I’m guessing Commercial Office Valuations are starting to look 2008 scary :face_with_monocle:


#47

I was in the office this week for the first time in a few months.

Id forgotten how crap it really is. People talking, gossipping, wasting time etc when youre trying to get things done. Its probably a release for some who dont particularly like their domestic situation. But for everyone else its pointless.

Way more productive at home. Less stressed, less drained. No commute. Proper food, no overpriced sandwiches etc.

Once a fortnight will do me grand.


#48

… accompanied by a stock photo of a call centre. :roll_eyes:


#49

How much does the newspaper itself rely on the myhome cash to keep the lights on? They must have some hefty legacy pension obligations still plus upper management types on ‘because I’m worth it’ salaries but regular sales and non-state advertising are trending towards zero.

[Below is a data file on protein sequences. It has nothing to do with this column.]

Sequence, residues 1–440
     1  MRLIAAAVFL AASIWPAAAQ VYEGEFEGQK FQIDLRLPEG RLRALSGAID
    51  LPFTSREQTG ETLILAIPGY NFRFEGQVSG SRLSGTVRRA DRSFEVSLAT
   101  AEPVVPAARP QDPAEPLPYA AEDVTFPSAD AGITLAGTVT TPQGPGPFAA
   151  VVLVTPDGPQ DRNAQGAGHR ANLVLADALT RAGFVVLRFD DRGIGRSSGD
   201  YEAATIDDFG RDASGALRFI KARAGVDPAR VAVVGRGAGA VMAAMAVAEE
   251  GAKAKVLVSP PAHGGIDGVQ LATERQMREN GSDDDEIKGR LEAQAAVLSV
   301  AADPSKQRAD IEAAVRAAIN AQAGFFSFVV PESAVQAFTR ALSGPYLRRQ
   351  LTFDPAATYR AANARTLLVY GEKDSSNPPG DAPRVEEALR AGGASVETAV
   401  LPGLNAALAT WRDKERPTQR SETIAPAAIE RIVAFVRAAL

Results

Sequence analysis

I was walking home along Baggot St after a few pints last year and saw a few of the Saturday editions left in a café doorway for the next morning. Maybe a younger me would have swiped one but all I thought was “not even worth stealing.”


#50

From Irish Times today:

"Job site Indeed has become the latest company to tell its staff that they can work from home on a permanent basis, with the vast majority” of its 1,000 Irish staff set to be allowed continue to work on a remote basis - either full or part time - once the pandemic ends. The company said it remains committed to the leases on its Dublin offices but will “revisit as they come up for renewal”.

Link to Irish Times here:https://www.irishtimes.com/business/work/indeed-to-allow-vast-majority-of-irish-employees-to-work-from-home-forever-1.4372417

I guess whatever employees who are working there who are in the market for buying a home can now make their decision on where to live i.e. Dublin or other.


#51

Should you get paid based on where you live?